Deep sea gorgonian
|Deep sea gorgonian|
Deep sea gorgonian ( Iciligorgia schrammi )
|Scientific name of the genus|
|Duchassaing , 1870|
|Scientific name of the species|
The deep sea gorgonian ( Iciligorgia schrammi ) occurs in the Caribbean , near the Bahamas , on the coasts of Florida , and on the Atlantic coast of South America from Colombia to Brazil . It is still rare in shallow water from a depth of 15 meters, but it becomes populations at depths well below 300 meters. It always only grows on steep walls that are protected from light and flow.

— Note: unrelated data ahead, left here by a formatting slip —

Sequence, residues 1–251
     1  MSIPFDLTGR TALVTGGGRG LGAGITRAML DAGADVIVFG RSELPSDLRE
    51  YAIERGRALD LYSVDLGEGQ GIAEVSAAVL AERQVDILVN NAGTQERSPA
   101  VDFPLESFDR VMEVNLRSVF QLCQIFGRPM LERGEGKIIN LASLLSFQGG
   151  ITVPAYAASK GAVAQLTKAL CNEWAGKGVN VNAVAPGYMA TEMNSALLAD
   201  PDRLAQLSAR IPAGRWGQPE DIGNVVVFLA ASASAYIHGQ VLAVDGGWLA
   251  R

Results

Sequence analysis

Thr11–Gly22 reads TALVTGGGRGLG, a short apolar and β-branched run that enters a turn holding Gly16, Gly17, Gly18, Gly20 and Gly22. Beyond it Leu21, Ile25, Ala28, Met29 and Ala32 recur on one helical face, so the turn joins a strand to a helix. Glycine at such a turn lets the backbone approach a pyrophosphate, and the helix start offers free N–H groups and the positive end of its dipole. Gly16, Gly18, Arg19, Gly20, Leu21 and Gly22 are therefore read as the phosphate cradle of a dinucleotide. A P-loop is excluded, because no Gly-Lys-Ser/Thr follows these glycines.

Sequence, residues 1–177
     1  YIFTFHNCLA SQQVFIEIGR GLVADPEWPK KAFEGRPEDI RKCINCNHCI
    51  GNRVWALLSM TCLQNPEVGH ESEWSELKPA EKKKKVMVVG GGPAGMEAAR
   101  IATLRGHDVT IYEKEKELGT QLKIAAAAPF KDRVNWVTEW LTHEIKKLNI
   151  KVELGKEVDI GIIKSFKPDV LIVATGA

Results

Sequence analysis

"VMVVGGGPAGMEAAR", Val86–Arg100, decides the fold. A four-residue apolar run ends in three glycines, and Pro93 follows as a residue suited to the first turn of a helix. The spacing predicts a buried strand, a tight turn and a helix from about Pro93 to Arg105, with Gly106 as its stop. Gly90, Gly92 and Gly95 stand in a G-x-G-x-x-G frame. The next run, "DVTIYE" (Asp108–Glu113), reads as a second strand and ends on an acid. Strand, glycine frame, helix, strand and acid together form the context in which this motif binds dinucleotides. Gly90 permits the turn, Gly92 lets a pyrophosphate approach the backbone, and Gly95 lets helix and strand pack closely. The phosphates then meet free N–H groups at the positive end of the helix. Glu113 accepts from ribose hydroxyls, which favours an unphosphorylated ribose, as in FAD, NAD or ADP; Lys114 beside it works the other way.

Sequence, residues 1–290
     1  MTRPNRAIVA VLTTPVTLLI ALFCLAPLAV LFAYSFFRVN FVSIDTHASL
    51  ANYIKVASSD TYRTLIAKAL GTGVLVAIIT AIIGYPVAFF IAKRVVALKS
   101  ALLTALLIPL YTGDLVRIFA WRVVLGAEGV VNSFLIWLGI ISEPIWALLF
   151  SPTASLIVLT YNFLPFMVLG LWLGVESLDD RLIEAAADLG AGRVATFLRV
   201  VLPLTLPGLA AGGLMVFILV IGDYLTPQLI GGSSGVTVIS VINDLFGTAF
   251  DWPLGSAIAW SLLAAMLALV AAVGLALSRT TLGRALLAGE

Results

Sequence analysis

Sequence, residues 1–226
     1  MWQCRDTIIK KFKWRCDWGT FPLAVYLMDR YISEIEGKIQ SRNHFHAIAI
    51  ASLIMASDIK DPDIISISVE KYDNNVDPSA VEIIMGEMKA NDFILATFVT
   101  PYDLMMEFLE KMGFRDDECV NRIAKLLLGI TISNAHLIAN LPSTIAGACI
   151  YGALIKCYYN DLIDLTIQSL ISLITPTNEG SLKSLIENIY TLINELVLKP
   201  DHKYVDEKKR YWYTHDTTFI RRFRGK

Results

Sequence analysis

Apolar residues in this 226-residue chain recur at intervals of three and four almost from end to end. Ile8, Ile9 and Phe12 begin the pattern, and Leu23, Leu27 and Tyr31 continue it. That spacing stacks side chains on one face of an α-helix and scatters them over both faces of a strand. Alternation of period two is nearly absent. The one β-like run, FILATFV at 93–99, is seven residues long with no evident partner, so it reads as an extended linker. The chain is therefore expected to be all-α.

It forms up to two meters high, fan-shaped colonies standing in a plane perpendicular to the flow , which branch dichotomously , but not very regularly. Its branches are slightly flattened and colored gray-brown to burgundy red in shallow water; they become lighter in deeper water. The polyps are also open during the day. It differs from related species in the shape and thickness of the branches and the color of the polyps. In the unrelated black corals (Antipatharia) that live in the same habitat , the polyps are lighter and only sit in small calyxes on the outer edge of the branches.